Science decided to recreate the perfect film star. It seemed like such a good idea at the time.
Currently on display at the London Science Museum is a thing, no, a person, no, a perthing called Heart Robot.
Like the finest human diva, Heart Robot responds instantly to coddling, cuddling and the attentions of an ever-loving agent.
Heart Robot has a heart that breathes, a belly that beats and skin that responds to every movement, touch and shriek.
Its visible signs of happiness include limp limbs, lowered eyelids, a slowed heartbeat and relaxed breathing.
(Those of you who think these are somehow post-coital signs should immediately volunteer for community service.)
This perthing does, however, have bad feelings too.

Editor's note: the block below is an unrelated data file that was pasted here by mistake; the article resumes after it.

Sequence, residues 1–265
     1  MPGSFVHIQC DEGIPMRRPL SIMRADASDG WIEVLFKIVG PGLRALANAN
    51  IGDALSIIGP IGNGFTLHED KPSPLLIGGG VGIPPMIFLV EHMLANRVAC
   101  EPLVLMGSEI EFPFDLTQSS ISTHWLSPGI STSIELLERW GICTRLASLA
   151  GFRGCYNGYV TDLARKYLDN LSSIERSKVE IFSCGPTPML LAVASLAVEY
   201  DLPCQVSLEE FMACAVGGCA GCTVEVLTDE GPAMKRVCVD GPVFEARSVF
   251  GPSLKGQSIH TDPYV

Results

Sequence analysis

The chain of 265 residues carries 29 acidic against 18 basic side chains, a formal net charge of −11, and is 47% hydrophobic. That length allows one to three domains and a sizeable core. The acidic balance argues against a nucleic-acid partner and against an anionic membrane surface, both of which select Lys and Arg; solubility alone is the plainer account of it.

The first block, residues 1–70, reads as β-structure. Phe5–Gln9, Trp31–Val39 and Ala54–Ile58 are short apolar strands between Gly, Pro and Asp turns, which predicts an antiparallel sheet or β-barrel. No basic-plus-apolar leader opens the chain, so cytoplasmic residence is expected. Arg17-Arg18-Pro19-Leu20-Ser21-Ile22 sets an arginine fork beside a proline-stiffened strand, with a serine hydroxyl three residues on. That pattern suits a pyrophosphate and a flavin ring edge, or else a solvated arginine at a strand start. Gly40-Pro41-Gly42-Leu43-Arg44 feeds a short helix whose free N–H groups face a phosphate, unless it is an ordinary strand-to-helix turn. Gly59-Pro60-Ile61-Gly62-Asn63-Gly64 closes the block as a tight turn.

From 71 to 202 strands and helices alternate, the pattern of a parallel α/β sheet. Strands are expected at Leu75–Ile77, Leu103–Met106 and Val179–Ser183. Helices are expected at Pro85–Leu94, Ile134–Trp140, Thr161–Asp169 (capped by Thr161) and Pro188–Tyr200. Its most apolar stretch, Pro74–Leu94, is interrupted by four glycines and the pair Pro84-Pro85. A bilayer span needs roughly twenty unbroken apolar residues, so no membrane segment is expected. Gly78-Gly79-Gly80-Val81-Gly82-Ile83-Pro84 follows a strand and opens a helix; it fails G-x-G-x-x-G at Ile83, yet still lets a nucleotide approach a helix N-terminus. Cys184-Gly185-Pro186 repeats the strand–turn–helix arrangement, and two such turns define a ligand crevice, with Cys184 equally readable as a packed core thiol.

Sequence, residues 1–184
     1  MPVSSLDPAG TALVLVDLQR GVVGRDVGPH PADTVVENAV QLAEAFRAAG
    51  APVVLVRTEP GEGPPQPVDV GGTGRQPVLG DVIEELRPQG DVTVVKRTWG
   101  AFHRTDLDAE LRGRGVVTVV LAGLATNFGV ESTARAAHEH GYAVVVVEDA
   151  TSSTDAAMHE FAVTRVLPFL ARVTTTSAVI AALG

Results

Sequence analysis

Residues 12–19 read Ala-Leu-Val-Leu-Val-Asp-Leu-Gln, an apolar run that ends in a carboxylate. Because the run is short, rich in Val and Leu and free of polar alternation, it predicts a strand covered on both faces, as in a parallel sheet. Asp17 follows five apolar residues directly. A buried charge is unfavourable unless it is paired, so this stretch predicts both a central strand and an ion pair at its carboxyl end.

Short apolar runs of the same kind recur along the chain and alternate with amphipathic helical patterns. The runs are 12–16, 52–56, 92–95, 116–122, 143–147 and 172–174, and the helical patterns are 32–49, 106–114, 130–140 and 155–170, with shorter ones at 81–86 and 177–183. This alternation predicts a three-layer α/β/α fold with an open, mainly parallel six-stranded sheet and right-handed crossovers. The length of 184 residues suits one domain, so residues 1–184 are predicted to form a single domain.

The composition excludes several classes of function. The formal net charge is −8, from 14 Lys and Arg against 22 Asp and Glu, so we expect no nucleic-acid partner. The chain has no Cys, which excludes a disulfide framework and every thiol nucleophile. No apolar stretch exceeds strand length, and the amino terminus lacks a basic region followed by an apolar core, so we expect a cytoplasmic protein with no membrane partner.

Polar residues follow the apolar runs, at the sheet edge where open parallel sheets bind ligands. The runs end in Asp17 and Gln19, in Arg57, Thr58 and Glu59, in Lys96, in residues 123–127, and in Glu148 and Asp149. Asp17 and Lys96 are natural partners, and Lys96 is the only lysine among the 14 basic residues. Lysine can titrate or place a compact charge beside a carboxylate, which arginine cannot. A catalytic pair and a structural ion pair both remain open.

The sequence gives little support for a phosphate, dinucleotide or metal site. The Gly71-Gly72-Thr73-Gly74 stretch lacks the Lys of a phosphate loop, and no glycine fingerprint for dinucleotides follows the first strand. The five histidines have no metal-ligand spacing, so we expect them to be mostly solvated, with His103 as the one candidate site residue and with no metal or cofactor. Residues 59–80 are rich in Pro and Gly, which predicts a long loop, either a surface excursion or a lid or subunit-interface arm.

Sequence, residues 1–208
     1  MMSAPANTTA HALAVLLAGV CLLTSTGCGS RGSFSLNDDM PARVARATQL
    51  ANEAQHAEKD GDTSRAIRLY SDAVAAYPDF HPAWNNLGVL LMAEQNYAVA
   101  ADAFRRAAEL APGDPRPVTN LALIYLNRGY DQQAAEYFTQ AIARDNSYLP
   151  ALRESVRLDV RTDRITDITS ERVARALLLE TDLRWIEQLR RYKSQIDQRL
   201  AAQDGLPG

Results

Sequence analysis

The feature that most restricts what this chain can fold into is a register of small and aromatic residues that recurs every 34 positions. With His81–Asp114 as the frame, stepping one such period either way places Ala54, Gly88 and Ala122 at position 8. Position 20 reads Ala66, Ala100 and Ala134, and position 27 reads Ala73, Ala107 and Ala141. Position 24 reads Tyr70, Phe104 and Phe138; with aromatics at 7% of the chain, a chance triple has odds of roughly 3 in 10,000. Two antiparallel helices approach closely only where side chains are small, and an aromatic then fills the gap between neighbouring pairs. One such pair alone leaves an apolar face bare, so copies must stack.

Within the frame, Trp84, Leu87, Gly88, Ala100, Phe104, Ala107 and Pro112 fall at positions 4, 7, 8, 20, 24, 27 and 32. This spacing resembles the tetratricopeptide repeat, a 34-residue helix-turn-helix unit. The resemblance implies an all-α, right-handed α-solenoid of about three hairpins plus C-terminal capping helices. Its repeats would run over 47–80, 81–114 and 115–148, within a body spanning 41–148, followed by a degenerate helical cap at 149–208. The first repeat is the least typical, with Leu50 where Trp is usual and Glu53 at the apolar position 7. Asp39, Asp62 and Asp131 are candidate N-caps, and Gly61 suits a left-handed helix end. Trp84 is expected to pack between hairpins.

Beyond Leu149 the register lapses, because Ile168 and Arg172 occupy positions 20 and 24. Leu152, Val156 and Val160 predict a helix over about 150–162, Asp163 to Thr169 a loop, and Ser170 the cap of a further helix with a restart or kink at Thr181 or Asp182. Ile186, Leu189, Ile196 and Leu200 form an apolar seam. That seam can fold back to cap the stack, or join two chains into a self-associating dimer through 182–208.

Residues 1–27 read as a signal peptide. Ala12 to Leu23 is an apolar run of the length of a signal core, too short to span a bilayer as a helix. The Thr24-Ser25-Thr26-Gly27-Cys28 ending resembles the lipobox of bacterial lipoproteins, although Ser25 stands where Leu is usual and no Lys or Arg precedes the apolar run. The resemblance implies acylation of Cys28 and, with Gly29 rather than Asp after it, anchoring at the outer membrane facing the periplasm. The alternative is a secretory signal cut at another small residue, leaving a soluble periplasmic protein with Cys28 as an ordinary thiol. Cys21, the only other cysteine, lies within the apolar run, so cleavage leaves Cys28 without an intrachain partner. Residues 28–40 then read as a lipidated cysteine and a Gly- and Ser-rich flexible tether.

If you offer it cross words, if you give it a shove, a shake or a contract at Screen Actors Guild minimum rates, HR will flinch.
Its hands will twist into fists of hurt, its eyes will widen in stunned horror and its heart and breathing will reach rates only known to ritual cocaine snorters.
It might even use curse words on the phone to its representatives.
I am sad, therefore, to report that a significant proportion of visitors to the museum have been teenage boys who have delighted in making the perthing unhappy.
Should we be surprised?
The Museum, naturally, is defending this gratuitous robot-baiting by saying it is merely capitalizing on the success of Wall-E, a movie that
What can the scientists and marketers have been thinking when they allowed this poor, defenseless perthing to be left emotionally naked before the underdeveloped teenage male emotional spectrum?
Could they not have at least carded every male who looked under-25? Exposure to constant pain can be a lasting blight on development. This was like Will Smith being tossed to the ministrations of thousands of Louis Farrakhans.
I mean, this is our future we're talking about. We must protect it. We must nurture it. We must educate it.
I'm talking about the robot, not the children.